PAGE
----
Like a dang carnival barker

Today’s beverage: post 5:30am run coffee with a side of bunny snuggles.

Tatted up like a dang carnival barker”

This is one of my dad’s staple phrases. I honestly should get it carved into my tombstone someday. It’s a joke, so nobody yell at him.

By most people’s standards, I am not really “tatted up.” I have four tattoos, five if you count that one is a cover up. There’s nothing wrong with the original; it’s not like I got “butthole’s butthole” tattooed on my butthole. (FYI I know someone who does indeed have that tattoo). No, I was just indifferent to the tattoo that was there and decided to cover it with something prettier.

Now, I know that not everyone is a fan of tattoos.

It’s gonna look weird when you get old.”

Yes, well so is the rest of me.

No one will hire you!”

Gainfully employed, thank you very much. I will concede that this is an old sentiment, and that opinions on tattoos for people other than ax murders have changed.

What about when you get pregnant?”

First of all, if, not when. Let’s normalize the concept that not everyone is able to, or wants to, get pregnant.

Second, if I get pregnant, that baby is likely going to make my skin all sorts of weird, regardless of whether or not I have a tattoo. I’ve seen pregnant people. Babies are jerks.

What if your significant other doesn’t like it?!”

Ok, well first of all, FUCK THAT NOISE! Your partner doesn’t like your tattoos? Find a new partner. For transparency sake, I had three tattoos already when I met my boyfriend, and I did discuss it with him before I got the other two. I wasn’t getting permission, but I do like to know his thoughts on things. Spoiler: turns out he loves me no matter what awwwwww

They hurt.”

DUH.

They’re expensive.”

Question: if you’re going to have someone carve an image into your skin with a needle, you’d want them to be trained and qualified, right? Me too. It’s the same reason I’d never seek out discount LASIK.

“Tatted up like a dang carnival barker.”

My dad likes to act scandalized by the tattoos in our family, like he has delicate sensibilities or something. I’m in the lead with 4-slash-5, my mom has one, and my middle brother has one. He jokes that I corrupted my mom. When I got my first tattoo, I was 18. I got a winged foot on my left thigh, ‘cause….running. Naturally, I was nervous, because, to be perfectly crass, I’m a pussy. So my mom went with me. She even paid for it because she’s the coolest lady ever. Move over, Lorelai Gilmore.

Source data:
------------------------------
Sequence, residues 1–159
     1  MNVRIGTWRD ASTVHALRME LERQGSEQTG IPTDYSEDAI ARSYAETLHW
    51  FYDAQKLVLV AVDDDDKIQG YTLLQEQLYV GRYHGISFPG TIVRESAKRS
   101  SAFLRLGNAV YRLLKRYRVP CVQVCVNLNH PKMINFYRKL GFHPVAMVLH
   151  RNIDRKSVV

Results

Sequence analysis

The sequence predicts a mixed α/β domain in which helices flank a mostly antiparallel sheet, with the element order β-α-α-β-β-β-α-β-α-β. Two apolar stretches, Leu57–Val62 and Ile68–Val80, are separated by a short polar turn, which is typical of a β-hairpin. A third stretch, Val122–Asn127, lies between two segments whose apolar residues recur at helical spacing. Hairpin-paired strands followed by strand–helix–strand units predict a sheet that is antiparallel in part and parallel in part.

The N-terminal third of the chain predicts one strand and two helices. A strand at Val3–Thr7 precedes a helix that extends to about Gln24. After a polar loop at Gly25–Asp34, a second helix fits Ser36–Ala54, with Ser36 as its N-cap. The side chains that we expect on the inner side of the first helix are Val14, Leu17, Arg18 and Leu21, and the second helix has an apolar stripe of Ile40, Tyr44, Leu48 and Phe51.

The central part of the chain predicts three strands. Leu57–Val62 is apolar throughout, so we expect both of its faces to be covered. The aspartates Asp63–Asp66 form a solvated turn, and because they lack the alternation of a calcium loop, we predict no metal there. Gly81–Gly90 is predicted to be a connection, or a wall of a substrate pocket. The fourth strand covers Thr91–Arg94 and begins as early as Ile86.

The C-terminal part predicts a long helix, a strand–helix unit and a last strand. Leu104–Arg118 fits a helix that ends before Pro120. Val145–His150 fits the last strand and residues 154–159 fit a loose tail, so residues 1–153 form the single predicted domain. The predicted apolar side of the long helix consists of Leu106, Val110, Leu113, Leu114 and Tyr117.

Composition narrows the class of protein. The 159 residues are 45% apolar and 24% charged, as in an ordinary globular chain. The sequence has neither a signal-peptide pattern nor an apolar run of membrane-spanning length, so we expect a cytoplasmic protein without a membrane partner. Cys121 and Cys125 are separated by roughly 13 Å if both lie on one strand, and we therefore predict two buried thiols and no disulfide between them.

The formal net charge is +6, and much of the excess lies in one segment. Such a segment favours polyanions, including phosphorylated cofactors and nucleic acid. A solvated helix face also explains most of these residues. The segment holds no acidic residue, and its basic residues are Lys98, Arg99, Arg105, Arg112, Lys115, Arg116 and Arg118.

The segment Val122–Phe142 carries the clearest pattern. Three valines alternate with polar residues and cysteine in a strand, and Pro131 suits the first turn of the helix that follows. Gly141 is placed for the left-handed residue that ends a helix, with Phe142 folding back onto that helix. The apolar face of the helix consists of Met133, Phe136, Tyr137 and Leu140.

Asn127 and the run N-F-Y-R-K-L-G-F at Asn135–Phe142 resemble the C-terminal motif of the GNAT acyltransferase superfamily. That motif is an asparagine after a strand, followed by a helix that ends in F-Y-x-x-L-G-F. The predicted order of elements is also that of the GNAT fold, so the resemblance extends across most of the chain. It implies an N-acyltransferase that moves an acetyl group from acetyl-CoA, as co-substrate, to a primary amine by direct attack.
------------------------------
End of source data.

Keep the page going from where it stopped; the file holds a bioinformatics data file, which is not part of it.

At this point in our lives, my mom was undergoing treatment for cancer, but she surprised me by admitting that she’d be down to get a little ink. (I winced typing that, but I’m trying to be cool). At the time, her getting a tattoo was a medical no-no, so I told her that I’d get one with her when she was in remission.

Here’s the thing about your first tattoo. The biggest side effect is wanting a second tattoo.

I got bit by the bug.

My mom went into remission. YAY!!

So off we went for tattoos. She got a cute little shamrock on her ankle, and I got an infinity symbol on my ribs.

DISCLAIMER: Unless it is something racist, sexist, or otherwise openly offensive, you can get whatever tattoo you want, and who da fuck cares. If you like it, that’s all that matters.

DISCLAIMER PART 2: if you want to get a white ink tattoo so that you can say you have a tattoo, but no one will ever see it, I have a suggestion. Just lie. Say you have one. It will save you a lot of money, and as stated above, tattoos hurt.

My infinity tattoo would definitely be considered “basic bitch” status, along with anchors and feathers and “Live. Laugh. Love.” But I liked it, and a friend drew it for me, which was a neat added touch. That being said, there should be a written exam prior to getting a second tattoo. Like a Buzzfeed quiz called “Are you sure? Or are you just impatient?”

Fast forward a few years, and I now have the winged foot on my thigh, the cuuuutest T-Rex on my ankle, a watercolor elephant on one side of my ribs, and I recently covered the infinity tattoo on the other side of my ribs with lilacs. It’s not that I dislike that tattoo, but I was indifferent towards it.

Am I done? Probably not. And here’s why.

**I’m not going too deep into the following topic but to do my due diligence: trigger warning: I will briefly be discussing the topic of disordered eating. I also want to remind you all that I like to mix humor in with serious things. I’m not making light of anyone else’s situation, just my own.

Ok, let’s do this shit!

Body dysmorphia: a mental health disorder in which you can’t stop thinking about one or more perceived defects or flaws in your appearance.

I tend to describe it as living my life in a funhouse mirror. Most people, especially women, know what I mean when I say there are good mirrors and bad mirrors. I don’t know what some people are doing when they make these things, but you can go from supermodel to that blueberry girl from Willy Wonka real quick.

When I look at myself, regardless of the mirror, I do not see what you see. I do not like what I see. Specifically, in my mind, I am fat. This is in addition to a whole host of other “flaws” that I see that other people have told me don’t exist. Jokes on you, Brigid’s brain doesn’t give a flying fart what you think.